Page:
Anyway, now everyone can get a visual tour of our journey.
Day 1: Cemetary. Very cool, more serene than creepy. Interesting reading the tombstone inscriptions and dates. Biggest crows and squirrels I ever seen.
Day 2: Albert Memorial statue. Incredible depiction of the continents (Asia, Africa, America, Europe), the useful arts (architecture, engineering, manufacturing) and 169 individual composers, architects, poets, painters, and sculptors. The Queen "We Will Rock You" show was a lot of fun too.
Day 3: Seeing the Dolphins vs. Giants game at Wembley Stadium was awesome (despite the only rainy weather of our trip)
Day 4: Tower Bridge. Throughout Europe, seeing the older architecture/construction that adds so many aesthetic/artistic features (columns, sculptures, monuments, etc.). It's a shame that that seems to have been lost here in the US - even churches are now just simple CBS/stucco construction.
Day 5: Bath & Stonehenge. Again, amazing architecture/engineering (Roman baths) in a remote little town - awesome spa treatments ;-). And Stonehenge is probably one of the most intriquing sites in the World (IMHO).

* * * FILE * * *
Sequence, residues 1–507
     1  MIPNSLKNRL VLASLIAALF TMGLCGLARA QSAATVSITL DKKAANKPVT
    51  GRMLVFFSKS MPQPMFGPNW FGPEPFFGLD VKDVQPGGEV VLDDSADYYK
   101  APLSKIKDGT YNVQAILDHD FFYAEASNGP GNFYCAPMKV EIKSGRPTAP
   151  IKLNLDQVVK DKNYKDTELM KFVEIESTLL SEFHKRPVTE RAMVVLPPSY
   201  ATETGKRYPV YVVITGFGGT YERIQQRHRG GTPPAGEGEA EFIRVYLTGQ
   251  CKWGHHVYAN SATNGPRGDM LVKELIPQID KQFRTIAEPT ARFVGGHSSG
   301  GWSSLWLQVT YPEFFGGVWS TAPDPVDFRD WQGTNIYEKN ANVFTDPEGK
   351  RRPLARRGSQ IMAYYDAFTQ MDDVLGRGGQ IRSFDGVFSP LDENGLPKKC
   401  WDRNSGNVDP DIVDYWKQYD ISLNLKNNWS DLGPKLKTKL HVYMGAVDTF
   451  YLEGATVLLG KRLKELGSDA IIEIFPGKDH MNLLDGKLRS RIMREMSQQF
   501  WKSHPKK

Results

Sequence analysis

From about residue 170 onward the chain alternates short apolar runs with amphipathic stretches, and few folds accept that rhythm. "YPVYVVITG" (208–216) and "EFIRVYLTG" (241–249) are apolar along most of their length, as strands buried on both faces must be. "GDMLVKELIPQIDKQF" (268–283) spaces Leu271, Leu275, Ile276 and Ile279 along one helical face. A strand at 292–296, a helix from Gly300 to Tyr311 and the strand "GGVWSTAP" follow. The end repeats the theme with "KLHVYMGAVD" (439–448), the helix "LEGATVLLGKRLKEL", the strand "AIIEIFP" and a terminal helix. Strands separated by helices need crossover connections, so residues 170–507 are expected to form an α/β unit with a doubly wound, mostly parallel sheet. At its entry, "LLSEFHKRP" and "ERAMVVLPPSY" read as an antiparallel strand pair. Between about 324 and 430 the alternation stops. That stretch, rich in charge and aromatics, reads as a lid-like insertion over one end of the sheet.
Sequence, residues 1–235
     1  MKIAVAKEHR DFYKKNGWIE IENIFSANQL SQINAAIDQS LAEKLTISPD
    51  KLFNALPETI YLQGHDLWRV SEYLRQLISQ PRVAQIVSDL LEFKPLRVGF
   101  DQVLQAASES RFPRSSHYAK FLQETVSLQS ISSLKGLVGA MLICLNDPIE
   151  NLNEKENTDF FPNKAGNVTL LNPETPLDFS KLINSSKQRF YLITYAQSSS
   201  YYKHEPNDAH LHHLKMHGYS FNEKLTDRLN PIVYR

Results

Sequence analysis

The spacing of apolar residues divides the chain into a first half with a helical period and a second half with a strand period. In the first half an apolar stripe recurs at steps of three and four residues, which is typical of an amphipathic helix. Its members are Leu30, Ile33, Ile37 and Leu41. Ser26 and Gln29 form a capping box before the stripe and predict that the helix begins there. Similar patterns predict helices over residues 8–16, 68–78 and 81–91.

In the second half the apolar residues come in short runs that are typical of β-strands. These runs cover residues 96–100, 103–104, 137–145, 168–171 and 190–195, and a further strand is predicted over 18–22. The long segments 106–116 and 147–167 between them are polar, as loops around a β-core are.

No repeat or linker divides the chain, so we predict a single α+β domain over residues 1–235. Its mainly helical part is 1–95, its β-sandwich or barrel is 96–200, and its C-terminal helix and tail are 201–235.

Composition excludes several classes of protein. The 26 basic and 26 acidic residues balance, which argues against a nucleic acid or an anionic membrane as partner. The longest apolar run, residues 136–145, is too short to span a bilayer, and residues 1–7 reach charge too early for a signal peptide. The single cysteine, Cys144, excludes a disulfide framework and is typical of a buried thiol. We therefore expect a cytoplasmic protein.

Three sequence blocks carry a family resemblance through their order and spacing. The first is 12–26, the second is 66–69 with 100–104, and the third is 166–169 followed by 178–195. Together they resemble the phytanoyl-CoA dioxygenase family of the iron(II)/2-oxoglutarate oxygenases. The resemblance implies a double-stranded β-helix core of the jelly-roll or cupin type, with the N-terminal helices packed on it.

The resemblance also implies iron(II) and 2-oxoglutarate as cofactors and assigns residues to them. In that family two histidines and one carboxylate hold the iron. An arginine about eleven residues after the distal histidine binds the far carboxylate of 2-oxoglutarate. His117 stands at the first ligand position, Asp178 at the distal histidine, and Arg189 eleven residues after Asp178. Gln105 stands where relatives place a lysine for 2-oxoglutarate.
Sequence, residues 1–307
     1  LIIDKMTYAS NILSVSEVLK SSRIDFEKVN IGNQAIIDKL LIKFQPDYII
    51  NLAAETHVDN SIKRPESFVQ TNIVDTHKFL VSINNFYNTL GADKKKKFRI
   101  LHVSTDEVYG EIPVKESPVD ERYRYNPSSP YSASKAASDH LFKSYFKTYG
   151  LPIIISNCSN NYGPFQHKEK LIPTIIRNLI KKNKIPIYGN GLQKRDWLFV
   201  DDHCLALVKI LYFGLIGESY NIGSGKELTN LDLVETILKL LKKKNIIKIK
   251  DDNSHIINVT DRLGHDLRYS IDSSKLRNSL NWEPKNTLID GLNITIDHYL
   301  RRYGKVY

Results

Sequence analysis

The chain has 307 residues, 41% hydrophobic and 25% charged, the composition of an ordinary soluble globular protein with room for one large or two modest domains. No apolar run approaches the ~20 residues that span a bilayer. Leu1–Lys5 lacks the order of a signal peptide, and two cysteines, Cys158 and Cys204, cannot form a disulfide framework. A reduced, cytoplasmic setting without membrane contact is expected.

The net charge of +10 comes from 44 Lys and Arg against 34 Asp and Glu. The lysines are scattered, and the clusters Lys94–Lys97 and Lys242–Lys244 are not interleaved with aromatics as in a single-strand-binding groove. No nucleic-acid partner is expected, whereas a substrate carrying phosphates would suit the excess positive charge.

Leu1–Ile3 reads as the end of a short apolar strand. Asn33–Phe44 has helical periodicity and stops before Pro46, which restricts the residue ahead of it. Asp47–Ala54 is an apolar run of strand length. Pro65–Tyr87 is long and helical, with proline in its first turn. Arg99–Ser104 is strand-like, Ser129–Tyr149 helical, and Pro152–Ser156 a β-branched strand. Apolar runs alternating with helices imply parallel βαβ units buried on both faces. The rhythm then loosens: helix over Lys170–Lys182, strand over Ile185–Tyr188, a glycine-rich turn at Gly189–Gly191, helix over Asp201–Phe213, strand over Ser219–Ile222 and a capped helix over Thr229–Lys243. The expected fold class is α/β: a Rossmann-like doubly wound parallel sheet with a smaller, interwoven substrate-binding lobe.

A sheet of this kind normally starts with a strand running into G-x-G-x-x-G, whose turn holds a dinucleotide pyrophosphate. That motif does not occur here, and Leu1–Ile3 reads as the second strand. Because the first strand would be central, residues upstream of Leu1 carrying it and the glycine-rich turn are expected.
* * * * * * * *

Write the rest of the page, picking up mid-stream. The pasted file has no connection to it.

Day 6: Westminster Abbey. You could spend hours discovering, reading and listening (handy audio tour) everything throughout that place. Shame they don't allow photography - at least allow non-flash/video. I also really liked Cleopatra's Needle (1 of 3) along the Thames.
Day 1: Las Ramblas. Crowded street full of tourists, street performers and pick pockets.
Day 2: Figueres/Girona. Unfortunately, the train station was confusing. No one speaks English. The Dali Museum was closed by the time we got there.
Day 3: Ancient remains and Roman aqueduct of Tarragona; the medieval walled city of MontBlanc; the Monastir de Poblet; and the beautiful oceanfront city of Sitges.
Day 4: Montserrat. Beautiful mountain range, shame that the monastery is so commercialized now. Need to plan to spend most of your time seeing the art along the trails. Barcelona soccer game - Ronaldinho is amazing! Glad they don't allow smoking in US stadiums.
Day 5: Gaudi's Sagrada Familia and Parc Guell. Quite a body of artistic architecture.
Day 6: Museo de Picasso. Hard to find hidden in back alleys, but well worth the search.
Day 7: Monument do Colom.
We woke up on Saturday morning and went downstairs for breakfast. We then jumped on the Circle Line and then took it to High Street/Kensington, heading toward Kensington Palace. First we stopped at an American Express Exchange to cash in some travelers checks - nothing like getting a 2.17 exchange rate, that means our money is worth LESS than half when converted into British Pounds. UGH!